YANG | Yassification: Contestation of the Extremes and the Binaries

This experience of “yassifying” myself made me rethink what this internet trend reveals about our culture. While playfulness is core to the “yassification” memes, there’s nonetheless an eerie feeling of revealing the uncanny valley of our reality that’s not far removed from the simulated extremes.

They’re Not All That: How Can TikTok Creators Be Compensated?

It turns out that it’s more complicated than it should be. While Congress has guidelines to determine which choreographed moves can be protected under copyright, it isn’t as easy to say that you know with certainty a dance you created belongs to you the same way someone could argue that a song is theirs. 

Cornell Scientist Uses TikTok to Battle ‘Infodemic’

A year and a half filled with uncertainty has left Cornellians and Americans nationwide grasping at the straws of capricious public health advisory in search of information to protect their communities from COVID-19. Cornell Tech experts note that social media has played an irrevocable role in allowing avenues for disputing the science surrounding COVID-19, straining pandemic response globally.

TEST SPINS | Dayglow Brings More Sunshine on Harmony House

Harmony House started as the soundtrack to a fictional sitcom. Sloan Struble, the man behind the music/dayglow, was inspired by the soft rock of the late 70s and early 80s, as well as the old TV show Cheers. From the synths to the lyrics, the whole album is drenched in the welcoming, nostalgic vibe of an old sitcom.

ONONYE | A Year Later, The Most Relatable Quarantine Moments

I am writing this column on March 13, 2021, which marks the one year anniversary since President Martha Pollack’s infamous email. The content of that email sent us home for the remainder of the Spring 2020 semester and was my first real introduction to the severity of the pandemic. After her email was sent out around 1:30 p.m. on March 13, 2020, I packed up my life in Ithaca and got on a flight to Southern California less than 17 hours later. Looking back, I had no idea what we were in for. I can shamefully admit that I was even a bit excited for an extended spring break.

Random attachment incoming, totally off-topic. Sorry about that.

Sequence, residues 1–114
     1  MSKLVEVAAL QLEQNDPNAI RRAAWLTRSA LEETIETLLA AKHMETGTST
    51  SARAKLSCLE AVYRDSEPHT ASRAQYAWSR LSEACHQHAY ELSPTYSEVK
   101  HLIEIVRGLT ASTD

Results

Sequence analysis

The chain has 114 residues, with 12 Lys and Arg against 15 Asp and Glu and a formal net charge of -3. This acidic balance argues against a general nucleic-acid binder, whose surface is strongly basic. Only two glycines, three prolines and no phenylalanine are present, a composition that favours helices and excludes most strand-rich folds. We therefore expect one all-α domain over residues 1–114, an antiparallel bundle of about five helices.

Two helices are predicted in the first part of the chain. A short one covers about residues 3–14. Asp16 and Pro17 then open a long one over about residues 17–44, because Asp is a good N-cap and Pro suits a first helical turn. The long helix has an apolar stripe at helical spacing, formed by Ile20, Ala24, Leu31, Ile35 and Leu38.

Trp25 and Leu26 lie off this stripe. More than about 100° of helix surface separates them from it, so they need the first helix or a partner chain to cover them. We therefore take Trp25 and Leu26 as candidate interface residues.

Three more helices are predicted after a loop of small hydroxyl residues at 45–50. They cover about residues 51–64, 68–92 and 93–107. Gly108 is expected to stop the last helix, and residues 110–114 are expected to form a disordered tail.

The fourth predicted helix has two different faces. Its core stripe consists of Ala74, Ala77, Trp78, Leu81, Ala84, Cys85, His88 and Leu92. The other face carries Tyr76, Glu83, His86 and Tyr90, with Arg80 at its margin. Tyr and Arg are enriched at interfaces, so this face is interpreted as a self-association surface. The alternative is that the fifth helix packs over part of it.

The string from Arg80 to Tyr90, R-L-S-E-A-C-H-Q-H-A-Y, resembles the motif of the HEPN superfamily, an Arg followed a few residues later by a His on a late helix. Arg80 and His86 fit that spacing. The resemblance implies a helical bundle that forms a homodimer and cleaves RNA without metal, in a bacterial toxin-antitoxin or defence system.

LU | Becoming the Main Character

Part of the main character trend pitfalls into an obsession with being different, and using one’s individualism — whether it’s in fashion and self expression, habits, or even taste — as cultural currency.

Food Trends Taking over TikTok

TikTok is taking over the food world. TikTok everywhere have come up with many creative ways to spice up the mundane quarantine life, and among them, viral food videos top the list. The best thing about many of TikTok’s emerging food trends is that most of them only require a handful of ingredients you’re likely to have at home. Below are a few popular trends that you should definitely check out. 1.

Scheck Eats

This week I had the opportunity to interview Jeremy Scheck, a current Cornell undergraduate student who has risen to the ranks of TikTok star. Like most students, Jeremy started spending his free time on social media giant TikTok to distract himself from boredom in quarantine. But what makes Jeremy’s experience noteworthy, is the fact that his videos have gained so much popularity that he has now over one million followers. He shares high quality videos of food he prepares. To start with a little background, Jeremy is a current junior here at Cornell majoring in Spanish and Italian.